The idea of caring that someone is making money faster [than you] is one of the deadly sins. Envy is a really stupid sin because it’s the only one you could never possibly have any fun at. There’s a lot of pain and no fun. Why would you want to get on the trolley?

On drug and alcohol addiction, this is Griffin writing about Munger:

His timeless advice is to avoid situations with a massive downside and a small upside (negative optionality). Why play dice with something that can ruin your life forever?

Commentary. This book was a solid, short introduction to the world of Charlie Munger from an investing point of view. It has a ton of Munger quotes, but Griffin also does a solid job weaving in quotes from other famous investors like Warren Buffett and Seth Klarman. If you are a fan of Warren Buffett, you will like this book.

Of course, what makes Munger special to me is that he talks about stuff beyond investing, like ethics and morality. For example, I liked that he points out the lifetime benefits of simply “being reliable”. So many workers are just not reliable. Therefore, for a more complete picture, I recommend reading Poor Charlie’s Almanack, which includes transcripts of all his talks, lectures, and public commentary. Reasons for why it is not more popular include the length (really long) and the cost ($50+). After reading and digesting it all, I feel it was fifty bucks well spent. However, if you choose to skip the Almanack, I’d say you’d get $15 of value out of this book.

Square IPO, Direct Deposit Loans, and Controlling Your Cashflow


As you've probably heard, the Square IPO was completed last week. For a while, I didn't understand how a company could have a $4 billion valuation when they basically offer a simplified merchant account. They let small businesses accept credit … [Read the rest]

Capital One 360 Savings Promo – Earn Up to a $500 Bonus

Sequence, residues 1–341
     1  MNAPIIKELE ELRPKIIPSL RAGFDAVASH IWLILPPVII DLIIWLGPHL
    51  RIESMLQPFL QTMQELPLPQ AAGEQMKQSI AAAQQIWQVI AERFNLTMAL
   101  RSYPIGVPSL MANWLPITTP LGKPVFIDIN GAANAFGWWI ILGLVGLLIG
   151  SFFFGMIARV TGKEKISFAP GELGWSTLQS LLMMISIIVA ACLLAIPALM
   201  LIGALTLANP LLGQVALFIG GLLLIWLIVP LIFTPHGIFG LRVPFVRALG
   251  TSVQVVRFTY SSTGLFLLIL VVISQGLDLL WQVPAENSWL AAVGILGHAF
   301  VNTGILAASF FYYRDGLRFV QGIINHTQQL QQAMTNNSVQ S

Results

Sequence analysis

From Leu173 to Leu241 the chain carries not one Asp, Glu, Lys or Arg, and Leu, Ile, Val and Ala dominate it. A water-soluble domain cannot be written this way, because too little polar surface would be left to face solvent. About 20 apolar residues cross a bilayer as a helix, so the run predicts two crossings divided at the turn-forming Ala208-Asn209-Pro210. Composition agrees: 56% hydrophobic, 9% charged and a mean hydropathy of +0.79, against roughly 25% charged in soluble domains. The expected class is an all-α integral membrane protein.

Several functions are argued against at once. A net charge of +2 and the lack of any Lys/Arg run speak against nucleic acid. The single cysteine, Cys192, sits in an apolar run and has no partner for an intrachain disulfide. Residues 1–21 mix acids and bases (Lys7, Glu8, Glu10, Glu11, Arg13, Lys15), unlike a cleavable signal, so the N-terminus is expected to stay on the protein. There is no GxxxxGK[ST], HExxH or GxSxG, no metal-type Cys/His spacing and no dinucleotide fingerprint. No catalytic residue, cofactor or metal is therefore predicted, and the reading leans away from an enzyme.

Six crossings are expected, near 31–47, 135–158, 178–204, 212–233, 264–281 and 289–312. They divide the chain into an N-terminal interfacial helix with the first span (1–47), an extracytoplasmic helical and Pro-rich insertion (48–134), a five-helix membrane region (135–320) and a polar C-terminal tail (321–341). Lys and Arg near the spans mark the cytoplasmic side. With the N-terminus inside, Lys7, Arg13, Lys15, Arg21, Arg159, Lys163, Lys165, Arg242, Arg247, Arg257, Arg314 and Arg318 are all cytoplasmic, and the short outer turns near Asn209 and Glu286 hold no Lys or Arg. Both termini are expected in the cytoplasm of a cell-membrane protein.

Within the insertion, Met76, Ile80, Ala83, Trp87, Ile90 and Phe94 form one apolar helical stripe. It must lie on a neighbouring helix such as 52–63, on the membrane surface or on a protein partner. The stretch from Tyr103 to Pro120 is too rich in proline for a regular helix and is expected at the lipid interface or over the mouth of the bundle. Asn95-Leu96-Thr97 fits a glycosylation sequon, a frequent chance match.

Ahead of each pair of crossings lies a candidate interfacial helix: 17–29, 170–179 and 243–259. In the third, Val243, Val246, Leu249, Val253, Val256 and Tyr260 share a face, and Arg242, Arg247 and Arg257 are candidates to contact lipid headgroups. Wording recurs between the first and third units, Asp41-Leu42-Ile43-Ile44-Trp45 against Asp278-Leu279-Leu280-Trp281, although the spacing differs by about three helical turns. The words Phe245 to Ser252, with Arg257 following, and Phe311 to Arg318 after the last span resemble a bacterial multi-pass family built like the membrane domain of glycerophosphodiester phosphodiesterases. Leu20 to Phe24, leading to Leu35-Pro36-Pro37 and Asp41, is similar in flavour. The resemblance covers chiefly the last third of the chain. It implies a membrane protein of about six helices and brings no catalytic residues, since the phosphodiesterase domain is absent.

Capital One Bonus Banner

Up to $500 Promo is back until November 30th, 2015. Capital One 360 Savings has a limited-time sign-up bonus for up to $500 for new customers, tiered depending on your opening deposit. Here's a quick recap of the features of 360 Savings … [Read the rest]

OBi200 Adapter + Google Voice Installation Review + Current Deals


Updated, new limited-time Black Friday deals for under $30. Want the features of landline phone service at a drastically reduced price? How about under $50 upfront and then $0 a month? Perhaps you want to drop your landline bill, or you already … [Read the rest]

PSA: Beware When Shredding Your Chase Sapphire Preferred Credit Card


Every credit card is getting a smart chip these days, which means a lot of expired cards. My shredder is rated for 12 sheets of paper at a time, and up until recently handled every credit card, CD, and DVD sent its way. But not the Chase Sapphire … [Read the rest]

Verizon ThanksGetting Promotion: 2 GB Free Data For Existing Customers


Here's some free stuff for existing Verizon Wireless customers. Visit and Verizon will give you 1 GB of free data this billing cycle, and another 1 GB your next billing cycle. Starting on Wednesday 11/25, they'll start … [Read the rest]

Chase Sapphire Preferred Card New Bonus: 50,000 Points = $625 In Travel, Plus 5,000 Points For Authorized User


Updated with new offer, perk details. The Chase Sapphire Preferred® Card is a premium rewards credit card, now with an upped sign-up bonus to new cardholders that is the best publicly-available bonus in years. Bonus highlights: Earn 50,000 bonus … [Read the rest]

Plastiq: Pay Tuition, Rent, or Taxes With Credit Card at 1.5% Fee, Debit Card at 0% Fee


Updated, new promotion. lets you pay bills and invoices with a credit or debit card, even if they don't usually accept them. The standard service fee is 2.5% for credit cards and 0% for Visa and MasterCard debit cards. However, they … [Read the rest]

Straight Talk Promotion: Unlimited Monthly Plan Cards for $22.50 a Month


Straight Talk is a prepaid MVNO that offers the ability to buy SIM cards that you can pop into any AT&T-compatible, T-Mobile-compatible, or unlocked GSM phone. This includes many Samsung Galaxys and iPhones that you can buy refurbished or on the … [Read the rest]

Chase Freedom Review: $150 Sign-Up Bonus + 10% Cash Back at Amazon From 11/23 to 12/31

Chase Freedom Visa Banner

Updated. Sign-up bonus increased to $150. New 10% back at Amazon from 11/23 to 12/31/15. Registration required. The Chase Freedom® - $150 Bonus is a popular rewards credit card. What makes it unique is the combination having no … [Read the rest]

Realty Mogul Review: Fractional Investment Property Ownership, Hard Money Lending


Added bonus for new sign-ups. I've been a registered member of RealtyMogul for a while, and they recently emailed me that if I referred a friend, we'd both get a $150 Amazon gift card just for completing the registration process (i.e. zero … [Read the rest]